Google building Spark, a Web-based development tool

The online programming tool, still in its early stages, is for writing Web apps within a Web browser. The open-source tool itself is built with Google's new Dart language.

Spark is a Google developer tool for writing Web apps from within a Web browser.
Spark is a Google developer tool for writing Web apps from within a Web browser. Francois Beaufort

Google likes Web apps, but one area where native software remains dominant is programming tools. A Google project called Spark that came to light Thursday could change that.

Spark is a Web-based IDE (integrated development environment) that runs in a browser for developers writing Chrome apps, according to Google's Francois Beaufort, who tracks Chrome developments closely. That means, among other things, that Chromebook coders would have a way to be productive without having to move to a Windows, Mac, or Linux box.

"This is still the very beginning," Beaufort said on Google+. "There's not much we can do for now."

Intriguingly, Spark is built using Dart, Google's Web programming language that the company hopes will improve upon JavaScript. Google just released Dart 1.0 and now faces the challenge of persuading other browser makers to support it, but Dart programmers can use a utility called dart2js to convert their software into JavaScript. That means Spark should run on any modern browser.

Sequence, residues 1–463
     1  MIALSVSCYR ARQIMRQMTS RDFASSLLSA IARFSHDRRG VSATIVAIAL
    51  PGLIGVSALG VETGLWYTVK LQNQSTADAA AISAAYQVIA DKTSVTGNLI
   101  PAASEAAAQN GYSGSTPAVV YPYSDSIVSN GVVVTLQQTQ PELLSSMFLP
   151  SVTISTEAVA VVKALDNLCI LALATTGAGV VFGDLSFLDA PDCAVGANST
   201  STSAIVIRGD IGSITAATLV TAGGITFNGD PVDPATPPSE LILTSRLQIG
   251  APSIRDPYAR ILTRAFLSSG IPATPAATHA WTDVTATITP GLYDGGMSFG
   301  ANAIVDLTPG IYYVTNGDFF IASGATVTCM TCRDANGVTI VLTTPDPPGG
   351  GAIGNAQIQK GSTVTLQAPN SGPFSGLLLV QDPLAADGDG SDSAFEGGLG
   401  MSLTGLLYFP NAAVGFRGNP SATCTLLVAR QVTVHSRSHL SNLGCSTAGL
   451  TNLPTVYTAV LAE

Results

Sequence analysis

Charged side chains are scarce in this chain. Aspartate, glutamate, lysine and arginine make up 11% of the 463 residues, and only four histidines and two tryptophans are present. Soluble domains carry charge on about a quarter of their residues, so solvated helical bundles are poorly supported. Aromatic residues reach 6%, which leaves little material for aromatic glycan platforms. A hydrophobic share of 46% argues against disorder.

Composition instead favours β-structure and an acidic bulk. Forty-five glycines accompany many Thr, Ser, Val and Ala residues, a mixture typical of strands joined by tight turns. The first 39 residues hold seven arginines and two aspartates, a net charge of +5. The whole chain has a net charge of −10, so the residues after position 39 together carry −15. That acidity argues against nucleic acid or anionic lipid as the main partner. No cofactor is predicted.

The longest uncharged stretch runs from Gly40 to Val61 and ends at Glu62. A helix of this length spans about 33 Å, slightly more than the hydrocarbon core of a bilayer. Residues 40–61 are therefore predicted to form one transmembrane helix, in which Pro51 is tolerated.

What's a Chrome app? In short, it's a Web app that runs on Chrome. That means it can take advantage of Chrome abilities, such as Native Client, and be distributed through the Chrome Web Store. It's a concept that's somewhat antithetical to the cross-platform philosophy of the open Web, but it brings some order to a chaotic, fast-changing world.

Spark isn't the first such effort. Mozilla toyed with a project called Bespin ; other online IDEs include Shiftedit and Cloud9.

About the author

Stephen Shankland has been a reporter at CNET since 1998 and covers browsers, Web development, digital photography and new technology. In the past he has been CNET's beat reporter for Google, Yahoo, Linux, open-source software, servers and supercomputers. He has a soft spot in his heart for standards groups and I/O interfaces.


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